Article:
To the uninitiated the best weight plate is the cheapest. If two plates weigh the same, why would you pay more for the expensive one? Well, one reason is that if you plan on performing Olympic lifts metal plates are going to go through the floor when you let them drop from head height. Another consideration is that a plate may actually weigh slightly more or less than its listed weight, and you can minimise this risk by sticking to the more expensive “calibrated” models.
For a full rundown, start with our guide, then have a look at the weight plates we recommend.
What Is An Olympic Weight Plate?
At its most basic it’s a weight plate with a two-inch (51mm) diameter hole. In contrast, basic weight plates are available with a diameter half that, and are used with cheaper barbells or EZ-bars. Then there are lighter studio plates which have a 30mm diameter ring.
Types Of Olympic Weight Plates
Competition bumper plates
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Bumper plates are designed for two technically demanding lifts, the snatch and the clean and press. These plates are made mostly of rubber so you can drop the barbell once the lift is completed. There’ll be an inner ring of metal so the plate can slide onto the barbell easily.
Make sure to buy weight plates with an International Weightlifting Federation accreditation and labelled as calibrated because the requirements are very specific. Those extra demands, of course, tend to make bumper plates more expensive.
Training plates are non-calibrated bumper plates. If you’re into your Olympic lifts, this is the type of plate you should work with at home, unless money is no object. That said, if you’re training towards a competition it can be worth spending a bit more because the higher the quality, the closer the plate will be to competition standard, and this may help you when the big day comes around.
These lighter plates have the same dimensions as competition plates, allowing you to master the movements but avoid overloading your body with repeated heavy lifts. They’re also useful for people coming back to weight training after an injury.
If you’re planning on doing power lifts, such as the deadlift, squat and bench press, these are the plates to get. They come in either iron or steel and, unlike the weights for Olympic lifting, the only feature is that they’re heavy.
If you’re focusing on the deadlift it may be worth seeking out plates with a rubber coating to protect the floor.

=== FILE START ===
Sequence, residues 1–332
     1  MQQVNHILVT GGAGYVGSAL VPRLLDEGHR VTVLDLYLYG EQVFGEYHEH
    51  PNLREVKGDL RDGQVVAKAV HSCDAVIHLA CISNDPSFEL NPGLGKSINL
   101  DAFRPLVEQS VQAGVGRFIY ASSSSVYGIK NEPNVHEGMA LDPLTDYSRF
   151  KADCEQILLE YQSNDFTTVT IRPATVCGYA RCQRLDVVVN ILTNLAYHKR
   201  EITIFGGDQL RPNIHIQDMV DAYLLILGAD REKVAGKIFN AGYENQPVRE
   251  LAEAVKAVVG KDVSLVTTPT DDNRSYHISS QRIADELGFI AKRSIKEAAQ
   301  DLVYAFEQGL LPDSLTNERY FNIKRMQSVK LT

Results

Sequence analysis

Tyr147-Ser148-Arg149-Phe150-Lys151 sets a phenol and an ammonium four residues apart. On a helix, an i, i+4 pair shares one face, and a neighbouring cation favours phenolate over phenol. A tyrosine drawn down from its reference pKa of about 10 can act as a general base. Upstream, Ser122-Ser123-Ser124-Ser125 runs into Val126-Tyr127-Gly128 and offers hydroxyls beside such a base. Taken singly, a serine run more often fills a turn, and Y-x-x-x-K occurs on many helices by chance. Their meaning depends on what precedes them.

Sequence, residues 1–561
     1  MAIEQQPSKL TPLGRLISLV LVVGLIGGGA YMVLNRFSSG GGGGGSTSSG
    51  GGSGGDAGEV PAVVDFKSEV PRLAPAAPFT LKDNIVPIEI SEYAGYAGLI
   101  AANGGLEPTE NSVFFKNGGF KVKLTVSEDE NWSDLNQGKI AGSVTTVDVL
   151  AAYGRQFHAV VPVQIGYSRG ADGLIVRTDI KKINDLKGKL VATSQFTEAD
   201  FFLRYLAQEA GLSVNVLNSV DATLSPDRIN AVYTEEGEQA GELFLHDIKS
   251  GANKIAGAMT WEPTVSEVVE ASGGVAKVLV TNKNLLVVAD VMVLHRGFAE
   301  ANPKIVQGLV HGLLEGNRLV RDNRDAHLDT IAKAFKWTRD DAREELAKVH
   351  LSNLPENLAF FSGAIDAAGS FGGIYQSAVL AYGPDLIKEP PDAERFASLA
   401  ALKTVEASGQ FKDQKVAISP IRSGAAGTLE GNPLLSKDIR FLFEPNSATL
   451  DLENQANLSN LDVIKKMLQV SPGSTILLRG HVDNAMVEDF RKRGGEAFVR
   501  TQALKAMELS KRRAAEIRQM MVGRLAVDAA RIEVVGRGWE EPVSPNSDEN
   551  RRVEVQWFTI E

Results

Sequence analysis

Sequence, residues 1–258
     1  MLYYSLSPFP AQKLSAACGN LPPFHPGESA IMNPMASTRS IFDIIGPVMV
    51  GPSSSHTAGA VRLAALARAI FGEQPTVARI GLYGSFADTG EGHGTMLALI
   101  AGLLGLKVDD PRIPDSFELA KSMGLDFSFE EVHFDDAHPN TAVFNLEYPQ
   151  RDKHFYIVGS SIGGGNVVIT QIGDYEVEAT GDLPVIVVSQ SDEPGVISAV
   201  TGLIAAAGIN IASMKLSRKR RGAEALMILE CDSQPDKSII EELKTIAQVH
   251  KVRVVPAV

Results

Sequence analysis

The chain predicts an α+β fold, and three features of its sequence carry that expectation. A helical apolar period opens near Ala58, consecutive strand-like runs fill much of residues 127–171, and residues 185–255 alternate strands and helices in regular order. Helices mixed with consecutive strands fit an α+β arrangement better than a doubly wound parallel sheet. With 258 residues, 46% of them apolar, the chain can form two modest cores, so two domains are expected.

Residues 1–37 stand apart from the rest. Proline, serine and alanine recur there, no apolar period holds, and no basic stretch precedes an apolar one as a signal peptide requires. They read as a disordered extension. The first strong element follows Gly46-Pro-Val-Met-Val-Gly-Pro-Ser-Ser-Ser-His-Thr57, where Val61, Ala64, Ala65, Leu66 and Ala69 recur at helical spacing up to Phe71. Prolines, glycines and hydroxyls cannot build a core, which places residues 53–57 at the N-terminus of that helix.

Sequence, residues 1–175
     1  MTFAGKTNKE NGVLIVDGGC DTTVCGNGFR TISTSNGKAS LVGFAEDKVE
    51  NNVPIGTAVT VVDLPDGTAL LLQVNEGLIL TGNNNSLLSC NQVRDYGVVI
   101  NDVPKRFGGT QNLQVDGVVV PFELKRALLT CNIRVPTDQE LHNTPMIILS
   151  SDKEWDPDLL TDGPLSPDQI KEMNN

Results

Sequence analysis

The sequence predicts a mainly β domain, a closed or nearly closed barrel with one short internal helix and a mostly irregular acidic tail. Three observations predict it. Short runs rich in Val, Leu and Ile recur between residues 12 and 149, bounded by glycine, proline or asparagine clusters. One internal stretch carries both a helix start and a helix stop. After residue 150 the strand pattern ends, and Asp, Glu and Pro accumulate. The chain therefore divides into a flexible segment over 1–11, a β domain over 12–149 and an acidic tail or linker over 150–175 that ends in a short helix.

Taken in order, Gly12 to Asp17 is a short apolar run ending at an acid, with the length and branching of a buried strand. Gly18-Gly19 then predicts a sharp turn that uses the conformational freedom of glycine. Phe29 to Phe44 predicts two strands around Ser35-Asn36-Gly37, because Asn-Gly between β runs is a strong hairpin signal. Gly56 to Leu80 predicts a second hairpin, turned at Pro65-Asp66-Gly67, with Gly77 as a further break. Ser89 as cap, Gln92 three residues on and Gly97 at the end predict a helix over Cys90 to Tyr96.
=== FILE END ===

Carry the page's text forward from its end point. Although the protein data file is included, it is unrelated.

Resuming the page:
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Best Weight Plates
If you want the best-quality bumper plates on the market, look no further than Eleiko, which was the equipment provider for the recent CrossFit Strength event in London, supplying all the equipment across the two arenas for the event. its bumper plates are IWF certified, calibrated and colour-coded.
Buy from Perform Better | £249.60 for one 10kg plate
The colour-coded Rogue Echos are an impressively high standard for the price. Although still training plates, they adhere to the IWF’s 450mm diameter requirements with rubber that’s densely packed for minimal bounce – and the plates are sold in convenient pairs too. If you’ve decided you really need a full set, Rogue sells its weights in packs.
Buy from Rogue | €72.60 (approximately £64) for two 10kg plate
Origin’s technique plates are a great starting point for those looking to nail their form. They’re good quality and around a third of the price of some offerings from top brands.
Buy from Origin | £36.74 for one 2.5kg plate, £44.09 for one 5kg plate
Rogue stands out in this category. It’s a brand with a heavyweight reputation yet its plates are affordable. Plus, nothing looks better than black cast iron.
Buy from Rogue | €70.58 (approximately £62) for two 10kg plates
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Jake was formely an intern for Coach and now contributes workouts from some of London’s top trainers. As well as training in the gym and running, he’s competed in the eight-hours-long overnight event Europe's Toughest Mudder twice and the 24-hours-long World's Toughest Mudder once.